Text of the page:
My Movie Cars
I get this question almost daily, despite the fact that this information has been public for more than 18 years. I have to remember that a lot of people have only recently become fans of the Fast & Furious franchise and my efforts on Instagram might have just become known to them.
For those who don’t know, I owned the following cars that were used in the first two movies:
- Brian’s orange 1994 Toyota Supra
- Vince’s blue 1999 Nissan Maxima SE
- Brian’s silver 1999 Nissan Skyline GT-R
All of these cars were owned by me personally before the movie. Universal rented each of the cars from me to use as “Hero” cars, then changed things like the graphics, body kit pieces and/or wheels, to suit their preferences. We built four (or more) replicas of all the Hero cars for use in stunts and as backup cars for use during production.
The cars were then returned to me after film production wrapped and I was free to do with them what I wanted.
BRIAN’S ORANGE SUPRA
In the case of the Supra, I left it as-is (more or less), then sold it about 18 months later. By this time I had changed the seats, updated the interior a bit, chromed the roll cage, changed the headlights, turn signals and taillights to the 1998 version lights and a few other small things.
The Supra was sold to a buyer in Belgium who then in turn, sold it to a collector in The Netherlands.
VINCE’S BLUE MAXIMA
In the case of the Skyline GT-R, I bought this fully federally legal GT-R from MotoRex in 2001. I paid $78,000 for the car. The car was black at the time, but I chose to paint it my own custom shade of candy blue. At the time, I was still consulting on post-pr
BRIAN’S SILVER SKYLINE GT-R
In the case of the Skyline GT-R, I bought this fully federally legal GT-R from MotoRex in 2001. I paid $78,000 for the car. The car was black at the time, but I chose to paint it my own custom shade of candy blue.
The car, originally black, was not going to suit my purpose, so I decided to change the color. This was a decision I didn’t take lately as I knew that people thought the car looked amazing in black.
I didn’t care what people thought because I knew that black cars don’t get magazine coverage (this was back before social media existed).
Known as “the Blackbird,” the car had already obtained some notoriety but as I said, black cars don’t get magazine exposure. Since I knew I was going to use the car for marketing purposes, I went with a custom, candy blue done by Quigley’s in Lake Forest, California.
The blue was a big hit and a couple of magazines hit me up about shooting the car. At the time, I was still consulting on post-production for the release of The Fast and The Furious. Just as my consultation work for that film was wrapping up, Universal announced a sequel. My newly-modified GT-R was cast for the leading role with one catch – Universal wanted to change the color.
The car, originally black, now blue, would be painted House of Kolor Platinum Pearl (silver).
I was not happy about the car’s color being changed from the (what I thought was stunning) scheme I had selected, but Universal had my blessing to make the changes they wanted.
By this time, the car had received a crazy nitrous setup, with three carbon bottles, a custom made feed system, an intercooler spray bar and a dual purge nozzle setup.
The car had also received a full audio/video setup, with three TV screens, custom fabbed door panels and a full build in the trunk. West Coast Customs did the fab work.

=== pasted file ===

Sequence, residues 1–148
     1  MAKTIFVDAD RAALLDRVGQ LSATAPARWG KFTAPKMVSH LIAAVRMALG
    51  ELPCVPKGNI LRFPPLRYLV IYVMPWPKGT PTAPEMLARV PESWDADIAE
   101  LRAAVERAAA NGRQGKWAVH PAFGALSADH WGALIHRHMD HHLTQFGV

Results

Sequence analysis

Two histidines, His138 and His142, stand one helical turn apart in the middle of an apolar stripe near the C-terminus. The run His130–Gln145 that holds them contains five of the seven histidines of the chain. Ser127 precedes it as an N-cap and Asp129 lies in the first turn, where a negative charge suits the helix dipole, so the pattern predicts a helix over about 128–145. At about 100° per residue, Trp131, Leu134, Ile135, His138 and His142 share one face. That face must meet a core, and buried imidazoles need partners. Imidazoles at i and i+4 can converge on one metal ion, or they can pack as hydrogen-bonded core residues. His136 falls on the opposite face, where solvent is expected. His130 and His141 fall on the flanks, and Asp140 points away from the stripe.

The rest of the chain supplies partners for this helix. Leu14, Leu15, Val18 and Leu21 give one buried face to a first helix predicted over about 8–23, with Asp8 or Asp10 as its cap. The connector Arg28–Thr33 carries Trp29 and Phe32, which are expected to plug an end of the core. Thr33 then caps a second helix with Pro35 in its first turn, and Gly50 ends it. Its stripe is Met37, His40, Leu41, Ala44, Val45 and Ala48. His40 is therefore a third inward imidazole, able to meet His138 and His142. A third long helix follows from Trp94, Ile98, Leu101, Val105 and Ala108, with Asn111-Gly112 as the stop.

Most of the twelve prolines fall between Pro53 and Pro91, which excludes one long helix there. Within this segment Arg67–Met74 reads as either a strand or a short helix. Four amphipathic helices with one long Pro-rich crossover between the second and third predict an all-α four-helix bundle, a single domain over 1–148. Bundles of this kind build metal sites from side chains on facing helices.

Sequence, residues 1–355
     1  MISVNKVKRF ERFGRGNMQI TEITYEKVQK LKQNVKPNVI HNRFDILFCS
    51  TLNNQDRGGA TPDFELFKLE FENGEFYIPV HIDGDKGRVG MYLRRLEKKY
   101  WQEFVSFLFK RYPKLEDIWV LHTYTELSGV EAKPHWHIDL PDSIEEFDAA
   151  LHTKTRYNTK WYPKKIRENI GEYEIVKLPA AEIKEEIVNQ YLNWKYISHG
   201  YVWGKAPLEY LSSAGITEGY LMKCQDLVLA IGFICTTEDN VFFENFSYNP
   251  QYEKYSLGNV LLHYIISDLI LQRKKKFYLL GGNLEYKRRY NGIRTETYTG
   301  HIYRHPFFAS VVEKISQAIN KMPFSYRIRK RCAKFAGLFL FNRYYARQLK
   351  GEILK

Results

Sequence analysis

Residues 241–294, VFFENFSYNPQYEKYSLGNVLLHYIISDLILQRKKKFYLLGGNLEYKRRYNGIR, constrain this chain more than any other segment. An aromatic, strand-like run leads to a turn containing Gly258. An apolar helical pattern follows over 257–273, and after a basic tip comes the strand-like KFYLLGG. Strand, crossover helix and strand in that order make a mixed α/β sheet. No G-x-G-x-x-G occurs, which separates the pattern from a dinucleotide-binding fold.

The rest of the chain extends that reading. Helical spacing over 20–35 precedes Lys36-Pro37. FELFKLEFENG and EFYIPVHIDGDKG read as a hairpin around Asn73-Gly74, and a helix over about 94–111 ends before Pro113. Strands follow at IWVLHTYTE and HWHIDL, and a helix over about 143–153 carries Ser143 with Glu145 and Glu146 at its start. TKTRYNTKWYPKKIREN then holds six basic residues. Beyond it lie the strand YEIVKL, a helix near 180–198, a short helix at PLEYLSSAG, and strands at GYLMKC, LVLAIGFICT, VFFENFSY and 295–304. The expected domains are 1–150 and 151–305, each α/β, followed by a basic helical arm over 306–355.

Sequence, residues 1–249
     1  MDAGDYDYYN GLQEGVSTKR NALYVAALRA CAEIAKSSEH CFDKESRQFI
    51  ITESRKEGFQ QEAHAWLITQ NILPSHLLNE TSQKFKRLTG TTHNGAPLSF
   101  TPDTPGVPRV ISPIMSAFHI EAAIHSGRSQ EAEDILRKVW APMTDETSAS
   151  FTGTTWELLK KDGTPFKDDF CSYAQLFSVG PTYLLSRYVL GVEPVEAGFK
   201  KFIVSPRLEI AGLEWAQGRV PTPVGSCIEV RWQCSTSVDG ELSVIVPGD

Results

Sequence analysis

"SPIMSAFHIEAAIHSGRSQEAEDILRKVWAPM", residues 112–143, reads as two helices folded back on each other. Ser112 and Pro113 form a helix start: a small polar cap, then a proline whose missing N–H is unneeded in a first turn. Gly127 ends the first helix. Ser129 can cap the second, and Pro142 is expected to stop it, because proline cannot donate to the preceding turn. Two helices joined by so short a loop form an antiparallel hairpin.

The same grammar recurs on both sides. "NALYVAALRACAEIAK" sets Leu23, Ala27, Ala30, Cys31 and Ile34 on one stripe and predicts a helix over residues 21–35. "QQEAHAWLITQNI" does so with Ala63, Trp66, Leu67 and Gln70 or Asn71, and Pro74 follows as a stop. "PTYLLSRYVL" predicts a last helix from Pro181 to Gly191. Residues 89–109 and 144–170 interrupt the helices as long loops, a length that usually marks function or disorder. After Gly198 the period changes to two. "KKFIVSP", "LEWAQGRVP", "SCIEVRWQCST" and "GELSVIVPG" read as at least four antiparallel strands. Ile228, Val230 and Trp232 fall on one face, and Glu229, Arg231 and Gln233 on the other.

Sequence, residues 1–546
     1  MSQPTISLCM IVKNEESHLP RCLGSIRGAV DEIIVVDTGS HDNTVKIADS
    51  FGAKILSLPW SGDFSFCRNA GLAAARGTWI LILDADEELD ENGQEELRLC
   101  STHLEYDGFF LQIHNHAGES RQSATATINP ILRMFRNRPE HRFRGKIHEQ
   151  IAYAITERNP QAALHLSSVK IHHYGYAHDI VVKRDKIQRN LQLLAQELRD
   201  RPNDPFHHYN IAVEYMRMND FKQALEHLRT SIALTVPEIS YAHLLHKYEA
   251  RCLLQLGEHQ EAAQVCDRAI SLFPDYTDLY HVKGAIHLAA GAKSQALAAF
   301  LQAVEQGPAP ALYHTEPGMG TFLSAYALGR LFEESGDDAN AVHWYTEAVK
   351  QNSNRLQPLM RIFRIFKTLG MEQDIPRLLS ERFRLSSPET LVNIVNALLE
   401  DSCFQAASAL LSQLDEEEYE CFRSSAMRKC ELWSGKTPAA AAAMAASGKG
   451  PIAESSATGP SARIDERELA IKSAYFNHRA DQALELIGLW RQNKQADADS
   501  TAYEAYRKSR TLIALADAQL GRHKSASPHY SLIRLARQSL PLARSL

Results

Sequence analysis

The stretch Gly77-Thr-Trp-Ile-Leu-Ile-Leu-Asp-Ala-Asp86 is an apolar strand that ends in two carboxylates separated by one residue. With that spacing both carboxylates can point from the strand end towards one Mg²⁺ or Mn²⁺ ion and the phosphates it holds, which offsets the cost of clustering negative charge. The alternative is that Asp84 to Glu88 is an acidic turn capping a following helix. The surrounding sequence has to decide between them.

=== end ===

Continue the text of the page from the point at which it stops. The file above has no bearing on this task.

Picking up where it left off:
The engine had received some upgrades, too. New turbos, a few supporting mods like camshafts, injectors and some carbon fiber bits made this car a stunner at car shows.
Back in 2001, hardly anyone had an R34 on U.S. soil, and having one show up as a regular at car shows was simply unheard of.
I always intended to restore the car back to blue after the movie, as well as making some other changes.
As it turns out, I would never get the opportunity.
Upon completion of this movie, I immediately restored the car back to the blue color I had used before the movie. I changed a few things and just when I got it the way I wanted it, I received a generous offer for the car. After a little soul searching, I decided to sell the car.
Where is it today? It is privately owned by an individual on the East Coast of the USA. The car has changed hands a couple of times and was painted back to black somewhere in that process.
People ask me today if I have any regrets about selling these cars. The answer is a resounding “no.” Back when the first two movies came out, NO ONE in the car community thought much of the movies. To most, they were stereotypical portrayals about everything that was bad in the automotive modifying world. When I drove around the cars, people looked at me like I was ridiculous for driving “replica” cars (little did they know that these were the originals).
My choice to sell the cars was built on several reasons:
1) I didn’t like the way they looked. The designs were not age-appropriate for me;
2) No one had any idea that the movies would become a hit, therefore making the cars more valuable;
3) No one had any idea that Paul would meet an untimely death which has also influenced the values of these cars immeasurably;
4) I did not want to tie up liquid cash in what was (at the time) depreciating assets;
5) I did not want the responsibility of stashing and preserving movie cars;
6) I also did not want to be burdened with taking these cars around from show to show just to appease audiences. Many people on social media have suggested that owners of these precious assets somehow have an “obligation” to share them with the public.
Ultimately, while it was fun owning these cars, I don’t allow myself to get too attached to inanimate objects – I prefer to spend the money on life experiences, such as traveling. I was thankful (and lucky) to have had the pleasure of owning these vehicles but I can only hope that the new owners will enjoy them as much as I did.